What to do when you become your own worst enemy, and how to win over yourself.
On average you speak sixteen thousand words, a day or nearly six million words a year. That is a lot. What we forget is that this is a fraction of what we think – our inner stream of consciousness, your “inner chatter” that provides a running commentary whether you want it or not.
We are influenced by what we people say, how they say it, when it is said and the context. But we forget the first rule of influence – influence starts with you. As such we influence ourselves and we inform our own behaviour – primarily through our beliefs and attitudes which become apparent to us through our “inner chatter”.
How we behave, and the consequences we incur, occurs when we put a “story” around an event or experience we have just gone through. We tend to behave in accordance with how we feel about this and then incur the consequences. The flow looks like this:
How many times have you had thoughts and feelings which have led to behaviour which has caused you problems? We see someone do something, or ourselves, and we create a story about. For example, “He always takes credit for what was done, yet I did most of the work…” or “The same thing happened in my last job, I obviously can’t do this type of work…”
What happens here is we get hooked by our thoughts in that we either treat these thoughts as facts and therefore true or, with help, we challenge them and rationalize them away which can lead us into situations where we act against what we feel are our values and best interests.
So how can we mitigate our “inner chatter”? How can we avoid either buying into it or suppressing it? How can we approach our “inner chatter” in a mindful, constructive way?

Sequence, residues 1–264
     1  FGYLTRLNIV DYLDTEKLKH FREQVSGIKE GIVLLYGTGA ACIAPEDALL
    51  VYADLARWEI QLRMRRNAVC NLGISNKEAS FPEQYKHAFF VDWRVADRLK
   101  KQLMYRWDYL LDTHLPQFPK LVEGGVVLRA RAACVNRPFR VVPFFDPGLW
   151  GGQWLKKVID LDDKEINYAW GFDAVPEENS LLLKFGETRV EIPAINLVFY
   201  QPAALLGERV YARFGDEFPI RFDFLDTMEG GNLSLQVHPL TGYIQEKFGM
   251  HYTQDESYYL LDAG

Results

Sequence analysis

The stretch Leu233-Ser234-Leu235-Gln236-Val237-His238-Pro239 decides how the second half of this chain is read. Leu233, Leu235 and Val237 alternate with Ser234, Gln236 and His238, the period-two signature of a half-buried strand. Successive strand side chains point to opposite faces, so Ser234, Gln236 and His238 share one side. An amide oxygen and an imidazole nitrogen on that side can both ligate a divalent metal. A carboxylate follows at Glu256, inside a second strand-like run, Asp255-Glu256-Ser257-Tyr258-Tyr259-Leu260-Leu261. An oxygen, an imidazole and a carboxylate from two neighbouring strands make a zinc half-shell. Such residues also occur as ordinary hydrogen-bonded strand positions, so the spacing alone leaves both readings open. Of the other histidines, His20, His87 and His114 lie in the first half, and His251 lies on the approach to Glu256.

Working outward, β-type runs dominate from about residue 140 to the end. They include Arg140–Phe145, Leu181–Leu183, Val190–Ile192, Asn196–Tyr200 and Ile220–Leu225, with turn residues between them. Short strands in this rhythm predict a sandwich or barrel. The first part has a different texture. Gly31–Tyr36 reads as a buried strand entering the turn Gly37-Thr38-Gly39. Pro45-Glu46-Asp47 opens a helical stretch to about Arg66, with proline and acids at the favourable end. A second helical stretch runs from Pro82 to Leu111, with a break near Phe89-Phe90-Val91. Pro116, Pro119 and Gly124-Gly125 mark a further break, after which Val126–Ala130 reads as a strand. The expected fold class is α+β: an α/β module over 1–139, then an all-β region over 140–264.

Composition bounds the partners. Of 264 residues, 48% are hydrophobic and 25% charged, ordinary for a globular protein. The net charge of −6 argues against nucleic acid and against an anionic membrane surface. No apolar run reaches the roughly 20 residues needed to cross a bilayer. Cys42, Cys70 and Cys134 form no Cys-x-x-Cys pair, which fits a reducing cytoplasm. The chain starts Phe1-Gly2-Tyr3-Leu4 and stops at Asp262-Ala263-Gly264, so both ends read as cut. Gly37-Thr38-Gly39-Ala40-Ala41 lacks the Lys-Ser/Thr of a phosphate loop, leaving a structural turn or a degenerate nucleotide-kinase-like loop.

Four Steps for Building Emotional Agility
To do this we need to build emotional agility. This is the ability to free yourself from patterns of negative thoughts and feelings and move forward positively. In doing this for yourself you:
1. Recognize Your Pattern
Notice when you are hooked by your thoughts and feelings – for example, your thinking becomes rigid and repetitive. You are re-running past experiences, or seeing the same attitudes surface again. Only when you realize you are stuck in a pattern can you break out of it.
2. Label Your Thoughts & Emotions
“Name them and shame them”. By naming or labeling your thoughts or emotions you are able to see your thoughts and feelings for what they are. They are transient and may or may not be helpful. Doing this helps you to free up your thinking and begins to break the pattern.
3. Accept Them
Once you have labeled them then just accept them without judging them. You experience your thoughts and feelings and take the time to see what is happening in the moment. What is really happening in the situation and what do you need to do to take productive action?
4. Act on Your Values
You can now consider more choices, rather than going along with your “inner chatter” and you can choose to act in a way that is consistent with your values.
By providing yourself with emotional agility you have the opportunity to change the story you tell yourself which, in turn, allows you to choose to behave in a different way and obtain consequences which are both beneficial and less adverse. Simple and effective. Try it, use it and practice it and build your emotional agility muscle.
This article is partly based on the article, “Emotional Agility” by Susan David and Christina Congleton, HBR November 2013.
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